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Narcissism

Narcissism in Sexual Relationships

Sexual narcissism involves a self-centered pattern of sexual behavior.

Key points

  • Narcissism, to some degree, is not only normal but healthy.
  • Sexual narcissism may involve an inflated sense of sexual ability or sexual entitlement.
  • Sexual narcissism may be overcompensation for sexual shame and low self-esteem.
  • Sexual narcissists have a deep need for others to admire their sexual prowess and performance.
Shutterstock, Prazis Images
Source: Shutterstock, Prazis Images

Despite its sordid reputation, narcissism is not universally harmful or unproductive. In fact, the term healthy narcissism, first coined in the 1970s[1], suggests that those without some degree of narcissism—those without a robust sense of self—would find it hard to get out of bed in the morning.

In healthy people, narcissism is not about self-aggrandizement, manipulation of others, and a lack of empathy—as it is with Narcissistic Personality Disorder (NPD) [2]. Rather, it is more related to healthy self-esteem and the willingness to take reasonable risks, like asking someone out for a date or requesting a raise at work.

Narcissism, to some degree, is not only normal but healthy. In fact, it is an essential component of mature self-esteem and basic self-worth. Without a healthy dose of narcissism, we will not protect ourselves or push ourselves to achieve.

That said, there are countless examples where early attachment deficits and biological influences lead to adult-life problems ranging from fixed narcissistic traits to NPD. These more extreme forms of narcissism often lead to alienation, abuse, and exploitation rather than healthy connection.

One of the contexts in which narcissism (both non-pathological and pathological) can manifest is sexuality. This is known as sexual narcissism.

Sexual narcissism involves a self-centered pattern of sexual behavior. Sometimes this manifests as an inflated sense of sexual ability or sexual entitlement. Other times, it is overcompensation for sexual shame and low self-esteem. Either way, there is a tendency to manipulate others and a lack of empathy for how they may be affected by certain actions (and sometimes inactions).

Common characteristics of sexual narcissists include:

  • Using manipulation (including charm, money, power) to obtain sex
  • Feeling entitled to sex from romantic partners and pretty much anyone else they encounter
  • Cheating on long-term romantic partners
  • Wanting excessive attention and praise for their sexual prowess
  • Not caring whether their sexual behaviors are physically or emotionally painful to others.

Primarily, sexual narcissists have a deep need for others to admire their sexual prowess and performance—everything from their ability to obtain sexual partners to their ability to be a great sexual partner (in their own mind, at least). Interestingly, even though they want to be praised as a sexual hero, able to satisfy any partner at any time, they have little interest in what their sexual partners actually want and enjoy.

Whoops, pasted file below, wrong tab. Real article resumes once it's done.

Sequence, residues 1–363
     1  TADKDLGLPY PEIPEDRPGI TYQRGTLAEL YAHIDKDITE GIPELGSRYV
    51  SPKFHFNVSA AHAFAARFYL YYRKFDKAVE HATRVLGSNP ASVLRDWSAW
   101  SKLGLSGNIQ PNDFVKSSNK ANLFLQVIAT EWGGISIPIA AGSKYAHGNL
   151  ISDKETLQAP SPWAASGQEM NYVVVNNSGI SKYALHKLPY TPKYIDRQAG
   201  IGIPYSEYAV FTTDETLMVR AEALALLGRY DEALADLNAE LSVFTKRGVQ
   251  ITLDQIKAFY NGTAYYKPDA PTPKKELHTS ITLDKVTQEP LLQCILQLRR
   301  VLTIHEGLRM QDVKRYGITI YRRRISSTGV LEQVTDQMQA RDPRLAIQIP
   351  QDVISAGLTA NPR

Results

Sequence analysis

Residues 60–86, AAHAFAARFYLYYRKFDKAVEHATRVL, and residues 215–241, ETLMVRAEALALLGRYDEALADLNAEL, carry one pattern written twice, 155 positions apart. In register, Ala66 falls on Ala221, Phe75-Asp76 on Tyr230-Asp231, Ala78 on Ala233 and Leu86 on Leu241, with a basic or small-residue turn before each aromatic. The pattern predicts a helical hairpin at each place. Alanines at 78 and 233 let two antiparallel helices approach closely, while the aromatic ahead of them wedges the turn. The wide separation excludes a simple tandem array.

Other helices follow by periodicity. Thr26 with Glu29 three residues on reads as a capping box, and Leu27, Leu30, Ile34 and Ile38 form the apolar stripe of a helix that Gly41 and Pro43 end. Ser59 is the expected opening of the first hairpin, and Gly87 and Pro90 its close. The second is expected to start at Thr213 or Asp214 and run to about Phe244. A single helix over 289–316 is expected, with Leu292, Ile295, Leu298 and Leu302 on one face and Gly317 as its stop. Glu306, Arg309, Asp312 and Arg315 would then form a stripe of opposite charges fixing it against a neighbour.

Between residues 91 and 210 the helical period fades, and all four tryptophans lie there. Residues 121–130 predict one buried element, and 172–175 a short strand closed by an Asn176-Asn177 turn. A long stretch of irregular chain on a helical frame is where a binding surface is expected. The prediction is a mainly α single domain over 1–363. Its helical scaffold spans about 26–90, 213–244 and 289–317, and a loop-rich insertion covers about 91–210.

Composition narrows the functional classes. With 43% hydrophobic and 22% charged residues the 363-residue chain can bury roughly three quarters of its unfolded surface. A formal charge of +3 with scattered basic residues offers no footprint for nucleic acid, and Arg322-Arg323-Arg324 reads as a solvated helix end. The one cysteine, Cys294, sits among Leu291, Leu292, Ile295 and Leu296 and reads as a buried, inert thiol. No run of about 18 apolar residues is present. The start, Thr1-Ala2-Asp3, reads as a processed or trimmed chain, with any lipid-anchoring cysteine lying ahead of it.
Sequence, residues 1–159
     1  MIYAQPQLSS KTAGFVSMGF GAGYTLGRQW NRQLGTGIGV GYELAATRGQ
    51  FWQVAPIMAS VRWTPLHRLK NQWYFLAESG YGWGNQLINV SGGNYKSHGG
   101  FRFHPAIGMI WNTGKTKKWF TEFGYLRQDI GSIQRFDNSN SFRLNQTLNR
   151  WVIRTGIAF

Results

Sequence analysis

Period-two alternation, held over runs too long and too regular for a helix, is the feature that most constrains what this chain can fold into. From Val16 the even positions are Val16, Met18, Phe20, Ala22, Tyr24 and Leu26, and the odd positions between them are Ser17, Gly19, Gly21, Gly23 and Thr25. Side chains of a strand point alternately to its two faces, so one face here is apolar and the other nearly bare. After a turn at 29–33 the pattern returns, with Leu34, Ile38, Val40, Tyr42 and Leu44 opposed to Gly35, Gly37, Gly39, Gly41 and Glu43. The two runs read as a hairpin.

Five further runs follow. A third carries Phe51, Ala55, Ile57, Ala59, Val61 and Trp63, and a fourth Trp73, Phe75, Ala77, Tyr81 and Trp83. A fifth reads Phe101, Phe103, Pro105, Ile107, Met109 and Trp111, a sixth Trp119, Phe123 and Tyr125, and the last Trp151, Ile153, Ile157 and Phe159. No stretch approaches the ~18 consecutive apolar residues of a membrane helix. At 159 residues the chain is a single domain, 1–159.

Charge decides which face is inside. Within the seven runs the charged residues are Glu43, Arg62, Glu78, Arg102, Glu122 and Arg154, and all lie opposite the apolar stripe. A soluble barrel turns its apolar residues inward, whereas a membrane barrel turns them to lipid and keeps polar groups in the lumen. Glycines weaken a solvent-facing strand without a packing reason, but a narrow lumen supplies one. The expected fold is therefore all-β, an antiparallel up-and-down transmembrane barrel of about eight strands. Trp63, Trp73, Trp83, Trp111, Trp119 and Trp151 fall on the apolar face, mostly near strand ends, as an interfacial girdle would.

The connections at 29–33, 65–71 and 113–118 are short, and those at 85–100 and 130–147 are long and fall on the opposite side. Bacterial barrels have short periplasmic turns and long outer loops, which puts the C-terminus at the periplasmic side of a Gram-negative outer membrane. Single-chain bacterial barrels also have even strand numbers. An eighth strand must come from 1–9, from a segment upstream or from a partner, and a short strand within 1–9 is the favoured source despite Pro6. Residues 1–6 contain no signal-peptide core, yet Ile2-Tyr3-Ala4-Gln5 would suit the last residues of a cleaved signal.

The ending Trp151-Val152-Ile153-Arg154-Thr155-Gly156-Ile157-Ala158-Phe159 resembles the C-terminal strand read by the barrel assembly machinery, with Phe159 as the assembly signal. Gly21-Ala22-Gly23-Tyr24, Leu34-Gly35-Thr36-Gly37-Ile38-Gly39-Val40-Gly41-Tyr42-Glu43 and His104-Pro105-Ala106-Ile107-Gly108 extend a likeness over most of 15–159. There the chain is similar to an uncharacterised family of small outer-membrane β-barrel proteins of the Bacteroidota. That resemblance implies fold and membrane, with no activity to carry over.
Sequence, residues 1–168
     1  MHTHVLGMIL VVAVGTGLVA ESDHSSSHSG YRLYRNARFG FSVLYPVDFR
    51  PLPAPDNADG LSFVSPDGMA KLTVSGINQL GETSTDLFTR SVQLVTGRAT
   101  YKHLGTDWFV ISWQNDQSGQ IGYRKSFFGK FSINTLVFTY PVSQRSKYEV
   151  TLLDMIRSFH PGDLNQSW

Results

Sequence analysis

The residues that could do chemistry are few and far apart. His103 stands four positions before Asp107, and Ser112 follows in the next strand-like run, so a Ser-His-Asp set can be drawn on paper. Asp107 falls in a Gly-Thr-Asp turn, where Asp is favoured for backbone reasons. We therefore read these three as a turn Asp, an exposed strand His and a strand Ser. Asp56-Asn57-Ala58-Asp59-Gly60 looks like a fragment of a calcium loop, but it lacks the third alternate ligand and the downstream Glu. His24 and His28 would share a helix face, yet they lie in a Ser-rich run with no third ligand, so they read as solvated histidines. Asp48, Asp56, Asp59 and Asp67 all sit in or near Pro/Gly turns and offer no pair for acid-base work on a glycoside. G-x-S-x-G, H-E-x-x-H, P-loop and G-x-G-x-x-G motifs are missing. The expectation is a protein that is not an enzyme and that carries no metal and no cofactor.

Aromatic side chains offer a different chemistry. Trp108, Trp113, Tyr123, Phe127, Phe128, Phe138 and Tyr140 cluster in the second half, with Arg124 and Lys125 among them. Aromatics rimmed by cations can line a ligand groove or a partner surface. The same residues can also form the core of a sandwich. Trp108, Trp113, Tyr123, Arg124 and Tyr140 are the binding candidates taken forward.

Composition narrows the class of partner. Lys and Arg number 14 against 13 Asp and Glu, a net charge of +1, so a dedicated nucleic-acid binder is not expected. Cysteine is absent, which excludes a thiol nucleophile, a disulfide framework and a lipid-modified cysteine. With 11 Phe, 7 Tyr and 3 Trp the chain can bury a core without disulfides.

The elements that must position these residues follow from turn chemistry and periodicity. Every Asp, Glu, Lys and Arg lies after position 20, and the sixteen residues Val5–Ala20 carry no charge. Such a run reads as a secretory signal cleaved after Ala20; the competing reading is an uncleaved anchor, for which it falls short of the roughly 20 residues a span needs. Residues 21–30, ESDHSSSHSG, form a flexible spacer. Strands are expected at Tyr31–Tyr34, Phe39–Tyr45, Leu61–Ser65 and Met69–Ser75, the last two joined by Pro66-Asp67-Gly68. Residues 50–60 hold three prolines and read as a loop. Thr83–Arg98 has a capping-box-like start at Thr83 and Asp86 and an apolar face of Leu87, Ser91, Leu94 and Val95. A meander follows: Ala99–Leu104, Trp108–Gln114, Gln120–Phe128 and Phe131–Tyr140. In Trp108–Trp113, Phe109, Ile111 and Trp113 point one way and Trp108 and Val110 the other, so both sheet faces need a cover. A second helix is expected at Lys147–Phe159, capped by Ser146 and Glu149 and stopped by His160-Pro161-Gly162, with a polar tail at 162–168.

Like others who behave in narcissistic ways, sexual narcissists are willing to manipulate and exploit others to get what they want. They feel entitled to sex whenever they want it, with whomever they fancy at any given moment. They feel their sexual partners should comply without question or complaint to the type of sex they like. They do not care whether their behavior goes against their wedding vows or other promises of fidelity. They do not care whether their behavior causes pain to their sexual partner or others in their lives. Lastly, they are more likely than most others to be sexually aggressive.

It is important to understand that not everyone who is sexually narcissistic has NPD. Some sexual narcissists do, while others are simply covering anxiety and low self-esteem.

  • If you think you may be in a relationship with a sexual narcissist, look for the following signs:
  • Your primary sexual role is to satisfy your partner’s desires.
  • Your sexual pleasure seems to matter only in relation to how much it inflates your partner’s ego.
  • Your partner is attentive and charming to obtain sex but ignores you afterward.
  • If you say no to sex, your partner will find ways to make you regret it.
  • Your partner seems to “perform” when having sex (perhaps hoping for a standing ovation).
  • Your partner criticizes or critiques your sexual performance.
  • Your partner cheats on you and doesn’t seem to care that it hurts you.

Sadly, partners of sexual narcissists tend, over time, to lose a sense of their own sexual selves. After years or even decades of being manipulated, ignored, cheated on, and put down by a sexual narcissist, partners may accept the lack of intimacy and connection in their relationship as the norm. But it is not.

Partners of sexual narcissists have a right to emotional intimacy and their own sexual pleasure. To get that, however, they need to stand up for their own needs, setting sexual boundaries and insisting on different behavior. If the sexual narcissist is willing and able to make changes, the sexual relationship can heal, as can overall intimacy within that relationship. If not, then more drastic measures may be the partner’s healthiest option.

References

[1] Russell, G. A. (1985). Narcissism and the narcissistic personality disorder: A comparison of the theories of Kernberg and Kohut. British Journal of Medical Psychology, 58(2), 137-148.

[2] American Psychiatric Association (2013). Diagnostic and statistical manual of mental disorders: DSM-5 (Vol. 5), p 669. Washington, DC: American Psychiatric Association.

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